A Serbian Film
A Serbian Film (Serbian: Српски филм, Srpski film) is a 2010 Serbian exploitation horror film produced and directed by Srđan Spasojević in his feature film debut. Spasojević also co-wrote the film with Aleksandar Radivojević. It tells the story of a financially struggling porn star who agrees to participate in an "art film", only to discover that he has been drafted into a snuff film with pedophilic and necrophilic themes. The film stars Serbian actors Srđan Todorović and Sergej Trifunović.
Upon its debut on the art film circuit, the film received substantial attention and controversy for its graphic depictions of pornography, rape, necrophilia, and child sexual abuse. Despite the director's claims that the film is a political allegory, it was investigated in Serbia for crimes against sexual morals and crimes related to the protection of minors. The film has been banned in Spain, Germany, Australia, New Zealand, Malaysia, Singapore, and Norway, and was temporarily banned from screening in Brazil.
Financially struggling Miloš, a former porn star known for his talent to maintain an erection long after ejaculation, lives with his wife, Marija, and six-year-old son, Petar. His brother, Marko, a corrupt police officer, is attracted to Marija and is envious of Miloš's sexual prowess. Marija is curious about her husband's past and is concerned about the family's income. Lejla, a former co-star, offers Miloš a starring role in an art film directed by Vukmir, an independent pornographer, who wishes to cast Miloš for his powerful erection. Having already caught Petar watching one of his films and unaware of the details of Vukmir's film, Miloš is hesitant to participate and continue his career, but accepts to secure his family's financial future. While meeting Vukmir, Miloš passes a bald man and his entourage, regarding them warily.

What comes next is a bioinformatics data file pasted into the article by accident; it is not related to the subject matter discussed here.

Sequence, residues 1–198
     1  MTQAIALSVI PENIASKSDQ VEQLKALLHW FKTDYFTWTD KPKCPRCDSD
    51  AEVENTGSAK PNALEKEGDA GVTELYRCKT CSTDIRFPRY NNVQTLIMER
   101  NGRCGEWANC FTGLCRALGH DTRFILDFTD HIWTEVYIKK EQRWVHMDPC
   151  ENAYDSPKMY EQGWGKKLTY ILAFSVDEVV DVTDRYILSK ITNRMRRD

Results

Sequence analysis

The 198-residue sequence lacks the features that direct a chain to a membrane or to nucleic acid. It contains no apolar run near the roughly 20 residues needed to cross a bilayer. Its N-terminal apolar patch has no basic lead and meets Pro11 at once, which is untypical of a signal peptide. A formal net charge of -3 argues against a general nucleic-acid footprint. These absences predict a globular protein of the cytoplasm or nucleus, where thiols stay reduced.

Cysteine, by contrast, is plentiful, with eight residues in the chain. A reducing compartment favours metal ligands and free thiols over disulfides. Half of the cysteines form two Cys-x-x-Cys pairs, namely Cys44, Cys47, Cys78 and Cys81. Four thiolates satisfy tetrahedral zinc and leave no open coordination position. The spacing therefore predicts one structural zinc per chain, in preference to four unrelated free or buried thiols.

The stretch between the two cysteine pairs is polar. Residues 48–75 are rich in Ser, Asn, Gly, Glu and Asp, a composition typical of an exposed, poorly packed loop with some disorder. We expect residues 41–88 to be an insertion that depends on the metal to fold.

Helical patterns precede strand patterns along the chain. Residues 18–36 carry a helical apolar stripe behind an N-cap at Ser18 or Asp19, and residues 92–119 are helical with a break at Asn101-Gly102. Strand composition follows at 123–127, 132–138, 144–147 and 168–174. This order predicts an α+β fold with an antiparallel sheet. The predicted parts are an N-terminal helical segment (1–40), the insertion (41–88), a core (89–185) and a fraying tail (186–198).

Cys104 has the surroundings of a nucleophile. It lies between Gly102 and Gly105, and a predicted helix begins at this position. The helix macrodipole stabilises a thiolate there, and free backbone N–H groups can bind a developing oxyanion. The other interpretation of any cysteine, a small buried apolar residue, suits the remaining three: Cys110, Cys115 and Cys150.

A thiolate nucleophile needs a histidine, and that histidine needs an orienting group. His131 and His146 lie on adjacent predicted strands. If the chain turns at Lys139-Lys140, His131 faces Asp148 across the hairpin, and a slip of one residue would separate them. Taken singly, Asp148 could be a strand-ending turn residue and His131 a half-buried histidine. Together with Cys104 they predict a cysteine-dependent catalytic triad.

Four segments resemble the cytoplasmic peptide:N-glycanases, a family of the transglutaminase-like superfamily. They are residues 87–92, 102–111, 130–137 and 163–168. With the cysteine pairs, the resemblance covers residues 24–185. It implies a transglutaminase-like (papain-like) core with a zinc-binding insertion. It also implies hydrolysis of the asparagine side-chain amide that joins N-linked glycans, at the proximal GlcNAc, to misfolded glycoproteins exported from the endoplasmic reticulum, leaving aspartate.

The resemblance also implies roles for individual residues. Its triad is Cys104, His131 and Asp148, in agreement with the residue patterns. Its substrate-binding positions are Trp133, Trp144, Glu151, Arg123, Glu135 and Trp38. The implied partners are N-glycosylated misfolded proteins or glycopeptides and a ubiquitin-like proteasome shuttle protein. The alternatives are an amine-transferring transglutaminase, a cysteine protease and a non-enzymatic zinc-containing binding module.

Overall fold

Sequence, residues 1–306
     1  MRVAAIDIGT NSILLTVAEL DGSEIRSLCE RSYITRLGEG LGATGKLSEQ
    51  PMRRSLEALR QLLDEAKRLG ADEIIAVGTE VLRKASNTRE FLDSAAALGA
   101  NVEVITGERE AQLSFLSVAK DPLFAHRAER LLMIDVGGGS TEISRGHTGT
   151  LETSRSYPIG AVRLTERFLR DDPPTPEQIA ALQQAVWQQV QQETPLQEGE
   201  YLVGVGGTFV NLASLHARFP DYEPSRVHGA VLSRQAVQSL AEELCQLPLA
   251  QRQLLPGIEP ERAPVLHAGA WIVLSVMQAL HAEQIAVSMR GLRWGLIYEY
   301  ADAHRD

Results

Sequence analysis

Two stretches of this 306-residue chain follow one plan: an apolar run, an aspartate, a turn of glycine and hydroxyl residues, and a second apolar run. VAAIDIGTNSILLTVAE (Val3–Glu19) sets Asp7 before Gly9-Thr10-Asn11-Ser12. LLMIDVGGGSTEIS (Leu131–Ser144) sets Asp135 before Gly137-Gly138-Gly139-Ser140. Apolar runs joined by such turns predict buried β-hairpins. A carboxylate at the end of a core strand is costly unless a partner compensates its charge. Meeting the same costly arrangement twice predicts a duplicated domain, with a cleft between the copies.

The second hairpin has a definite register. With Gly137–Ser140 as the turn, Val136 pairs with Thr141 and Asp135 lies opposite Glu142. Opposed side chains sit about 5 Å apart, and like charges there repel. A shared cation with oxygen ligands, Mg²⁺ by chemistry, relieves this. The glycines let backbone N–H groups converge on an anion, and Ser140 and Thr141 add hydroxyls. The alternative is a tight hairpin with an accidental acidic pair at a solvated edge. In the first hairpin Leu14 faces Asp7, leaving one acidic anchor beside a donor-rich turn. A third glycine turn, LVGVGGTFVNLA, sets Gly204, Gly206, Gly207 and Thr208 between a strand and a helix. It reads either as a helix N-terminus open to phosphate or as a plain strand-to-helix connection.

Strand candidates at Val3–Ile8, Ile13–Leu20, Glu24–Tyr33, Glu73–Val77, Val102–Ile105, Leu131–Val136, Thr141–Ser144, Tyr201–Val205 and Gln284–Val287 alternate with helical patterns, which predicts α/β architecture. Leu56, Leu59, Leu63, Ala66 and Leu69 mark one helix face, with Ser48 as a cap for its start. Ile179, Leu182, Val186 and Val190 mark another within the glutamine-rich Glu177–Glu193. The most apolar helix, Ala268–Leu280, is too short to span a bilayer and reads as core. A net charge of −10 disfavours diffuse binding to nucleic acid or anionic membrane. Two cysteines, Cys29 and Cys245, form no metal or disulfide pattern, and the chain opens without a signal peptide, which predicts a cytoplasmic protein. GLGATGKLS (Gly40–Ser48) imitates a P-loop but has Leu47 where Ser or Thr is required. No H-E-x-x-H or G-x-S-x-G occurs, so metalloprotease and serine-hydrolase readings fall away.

Filming begins at an orphanage, where Vukmir feeds Miloš instructions through an earpiece given by Vukmir's driver, Raša, while a film crew follows him. Miloš sees a young woman being physically abused and scolded by her mother, having disgraced her deceased war hero husband's memory by becoming a prostitute. In a dark room, screens show Jeca, a girl of indeterminate age, seductively eating an ice pop, while Miloš is fellated by a nurse. Then, Miloš is instructed to receive fellatio from the mother, while Jeca watches. Miloš refuses, but is forced to continue. Marko later informs him that Vukmir is a former psychologist and has worked in children's television and state security. Miloš meets with Vukmir, announcing that he is retiring and dropping out of the film, but Vukmir explains to a hesitant Miloš his artistic style of pornography, showing a film of a woman giving birth to a newborn baby, which is then immediately raped by Raša, much to the joy of the mother. The disgusted and horrified Miloš storms out and drives away as Vukmir boasts to him that this is "a new genre" and that he terms it as "newborn porn". At a road junction, being in a disturbed state of mind, he is approached and seduced by an attractive woman who, unbeknownst to him, is Vukmir's doctor.
A bloodied Miloš wakes up in his bed four days later with no memory of what has happened. He returns to the now abandoned set and finds a number of tapes. Viewing them, Miloš discovers that he was drugged to induce an aggressive, sexually aroused, and suggestible state. At Vukmir's manipulative direction, Miloš beat and decapitated Jeca's mother while raping her and was later raped by one of the guards. He then watches footage of Lejla voicing concern for Miloš to Vukmir, stating that she is quitting and taking Miloš with her. A bloodied Lejla is then shown restrained, with a blood puddle and several teeth in the floor right in front of her. A masked man appears and she is forced to fellate him, suffocating her to death. The footage continues as Miloš is led to Jeca's home, where an elderly woman praises him for killing Jeca's mother, laments about Jeca's father dying before he "made her a woman", and offers Jeca as a "virgin commune". Miloš refuses, threatens to cut off his penis with a knife, and escapes through a window. After wandering the streets for a while, he ends up huddling in an alleyway, where he watches as a teenage girl passes by while being tailed by a pair of thugs. He begins masturbating and is assaulted by the thugs before they are killed by Raša, who along with Vukmir takes Miloš to a warehouse.